Following the taking of instructions in relation to that, Treforest's solicitors wrote on 7 October, stating that the application was not accepted and making a number of detailed points, saying that the total amount due to their client was £297,010.63, and that the conduct of RHP amounted to a flagrant disregard of the pay-now-argue-later regime imposed by the HGCRA.

7. In her skeleton argument for these proceedings, Miss Markides, who appears for Treforest, has sought a different order to that which was sought in the original application. What is sought is set out very helpfully by her at paragraph three of the skeleton argument and she seeks four orders, the first two being in the alternative. The first is that the sum of £57,637.32 be paid to it by the respondent within 14 days in part satisfaction of the judgment debt; alternatively that the sum of £36,464.69 should be paid. The third order is that the proceedings should be stayed pending payment of the outstanding amount of the judgment debt; however, such stay should be subject to a longstop whereby the claim should be struck out in the event of the respondent's failure to pay the full amount of the judgment debt with the longstop being six months. The fourth order is that, in any event, RHP should pay the costs of, and associated with, this application.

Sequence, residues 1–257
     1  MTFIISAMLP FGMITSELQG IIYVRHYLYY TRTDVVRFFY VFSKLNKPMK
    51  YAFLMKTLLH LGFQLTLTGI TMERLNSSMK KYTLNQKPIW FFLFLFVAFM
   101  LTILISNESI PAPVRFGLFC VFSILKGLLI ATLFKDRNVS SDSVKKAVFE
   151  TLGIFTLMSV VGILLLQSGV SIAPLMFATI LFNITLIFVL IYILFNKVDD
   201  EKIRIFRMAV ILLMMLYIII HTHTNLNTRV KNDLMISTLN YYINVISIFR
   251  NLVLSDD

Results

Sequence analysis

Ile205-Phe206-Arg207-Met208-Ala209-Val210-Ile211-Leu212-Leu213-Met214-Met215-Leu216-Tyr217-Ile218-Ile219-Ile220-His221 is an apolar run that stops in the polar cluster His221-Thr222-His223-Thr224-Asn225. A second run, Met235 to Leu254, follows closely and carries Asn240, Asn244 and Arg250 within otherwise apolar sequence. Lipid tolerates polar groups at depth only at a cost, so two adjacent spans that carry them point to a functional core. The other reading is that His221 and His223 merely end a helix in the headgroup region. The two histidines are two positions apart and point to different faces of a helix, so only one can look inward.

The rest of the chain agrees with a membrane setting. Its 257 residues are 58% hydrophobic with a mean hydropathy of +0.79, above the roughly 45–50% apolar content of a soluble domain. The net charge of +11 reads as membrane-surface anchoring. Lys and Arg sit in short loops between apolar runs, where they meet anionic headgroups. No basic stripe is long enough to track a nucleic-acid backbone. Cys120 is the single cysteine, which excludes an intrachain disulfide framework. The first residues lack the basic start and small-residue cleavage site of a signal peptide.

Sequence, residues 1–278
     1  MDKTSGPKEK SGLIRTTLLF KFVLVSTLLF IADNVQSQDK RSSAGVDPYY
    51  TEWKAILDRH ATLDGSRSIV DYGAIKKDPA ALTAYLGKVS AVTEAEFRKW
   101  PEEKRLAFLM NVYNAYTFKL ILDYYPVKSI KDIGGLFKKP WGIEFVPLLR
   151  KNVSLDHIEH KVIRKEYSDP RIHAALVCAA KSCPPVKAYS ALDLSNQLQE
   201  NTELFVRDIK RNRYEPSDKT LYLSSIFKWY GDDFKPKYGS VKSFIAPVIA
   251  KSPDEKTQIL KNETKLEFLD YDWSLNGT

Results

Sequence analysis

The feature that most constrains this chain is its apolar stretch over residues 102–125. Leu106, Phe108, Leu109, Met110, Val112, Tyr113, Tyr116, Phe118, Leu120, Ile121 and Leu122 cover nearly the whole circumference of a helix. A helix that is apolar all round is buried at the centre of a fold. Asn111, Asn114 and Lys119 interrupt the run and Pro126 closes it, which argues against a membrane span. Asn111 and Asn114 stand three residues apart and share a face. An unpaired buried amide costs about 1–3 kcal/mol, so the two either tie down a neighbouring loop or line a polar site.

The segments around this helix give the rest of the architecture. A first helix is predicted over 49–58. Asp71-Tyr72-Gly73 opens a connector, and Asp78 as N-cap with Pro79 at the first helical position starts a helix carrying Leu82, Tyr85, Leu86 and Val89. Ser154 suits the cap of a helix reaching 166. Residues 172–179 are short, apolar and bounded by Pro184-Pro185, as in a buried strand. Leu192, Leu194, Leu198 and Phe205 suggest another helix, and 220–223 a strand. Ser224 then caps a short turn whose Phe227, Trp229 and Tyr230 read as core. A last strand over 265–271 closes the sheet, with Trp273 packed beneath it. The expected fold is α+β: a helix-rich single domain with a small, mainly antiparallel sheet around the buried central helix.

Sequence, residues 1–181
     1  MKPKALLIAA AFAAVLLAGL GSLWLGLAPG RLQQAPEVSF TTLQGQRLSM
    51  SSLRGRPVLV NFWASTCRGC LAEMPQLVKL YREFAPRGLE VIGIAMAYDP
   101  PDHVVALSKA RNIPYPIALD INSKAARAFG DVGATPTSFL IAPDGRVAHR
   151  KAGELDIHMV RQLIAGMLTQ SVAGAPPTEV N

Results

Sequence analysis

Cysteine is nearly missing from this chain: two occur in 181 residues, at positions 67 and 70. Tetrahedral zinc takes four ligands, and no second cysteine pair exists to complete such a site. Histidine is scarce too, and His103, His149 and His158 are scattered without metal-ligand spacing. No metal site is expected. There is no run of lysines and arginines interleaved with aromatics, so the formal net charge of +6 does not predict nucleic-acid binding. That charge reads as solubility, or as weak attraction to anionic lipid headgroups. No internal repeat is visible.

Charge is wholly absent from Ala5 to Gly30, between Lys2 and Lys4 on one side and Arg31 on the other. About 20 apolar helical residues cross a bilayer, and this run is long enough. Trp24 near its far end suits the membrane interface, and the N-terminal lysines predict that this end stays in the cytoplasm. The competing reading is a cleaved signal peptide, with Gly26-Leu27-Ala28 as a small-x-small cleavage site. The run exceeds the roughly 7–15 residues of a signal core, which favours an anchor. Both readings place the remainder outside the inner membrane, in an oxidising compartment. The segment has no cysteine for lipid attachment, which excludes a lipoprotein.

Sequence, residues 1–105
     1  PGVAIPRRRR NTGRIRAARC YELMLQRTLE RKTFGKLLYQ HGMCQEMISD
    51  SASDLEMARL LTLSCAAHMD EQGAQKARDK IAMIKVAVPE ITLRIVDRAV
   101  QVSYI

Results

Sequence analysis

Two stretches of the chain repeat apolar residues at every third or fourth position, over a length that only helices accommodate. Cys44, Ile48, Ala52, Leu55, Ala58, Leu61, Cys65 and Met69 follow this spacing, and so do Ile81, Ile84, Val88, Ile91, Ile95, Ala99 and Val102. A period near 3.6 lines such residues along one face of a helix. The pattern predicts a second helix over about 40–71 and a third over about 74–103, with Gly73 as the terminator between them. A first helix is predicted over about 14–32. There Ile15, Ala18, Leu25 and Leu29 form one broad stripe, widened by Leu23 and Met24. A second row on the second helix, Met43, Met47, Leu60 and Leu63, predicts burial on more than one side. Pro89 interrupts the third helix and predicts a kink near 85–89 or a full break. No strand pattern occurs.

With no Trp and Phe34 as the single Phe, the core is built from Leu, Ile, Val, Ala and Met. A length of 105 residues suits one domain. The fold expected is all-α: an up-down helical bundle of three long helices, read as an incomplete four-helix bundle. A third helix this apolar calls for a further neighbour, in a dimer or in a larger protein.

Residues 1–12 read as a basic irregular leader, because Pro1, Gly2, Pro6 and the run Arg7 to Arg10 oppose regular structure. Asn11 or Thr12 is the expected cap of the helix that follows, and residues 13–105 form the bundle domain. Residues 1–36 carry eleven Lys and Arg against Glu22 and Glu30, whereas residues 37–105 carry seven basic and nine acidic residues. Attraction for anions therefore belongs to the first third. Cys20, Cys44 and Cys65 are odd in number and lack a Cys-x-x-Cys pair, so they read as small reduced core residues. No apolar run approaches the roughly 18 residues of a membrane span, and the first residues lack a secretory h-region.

8. I should say that an initial objection was taken by Mr Steel in relation to this formulation of the relief sought on the basis it was not included within the original application. However, he very fairly stated that he was not prejudiced by it, albeit he said that the change in position should be taken into account both in the exercise of discretion and no doubt, in due course, if applicable, in relation to costs. I accordingly intend to decide the application on the basis of the orders now sought.

9. As far as the position is now concerned, the position of RHP is that, in principle, the proceedings should not be stayed at all because this case does not fall within established principles. Alternatively, if the Court is minded to grant a stay, that should be on the basis of a draft order which has been provided which would see the Court order a stay of the proceedings until RHP pays the balance of the sums owed between the parties pursuant to the respective adjudication and court orders. I have read with care the three witness statements which have been filed in relation to this matter, although in general terms it seems to me that they set out matters which are not substantively in dispute and most of which I have sought to summarise above.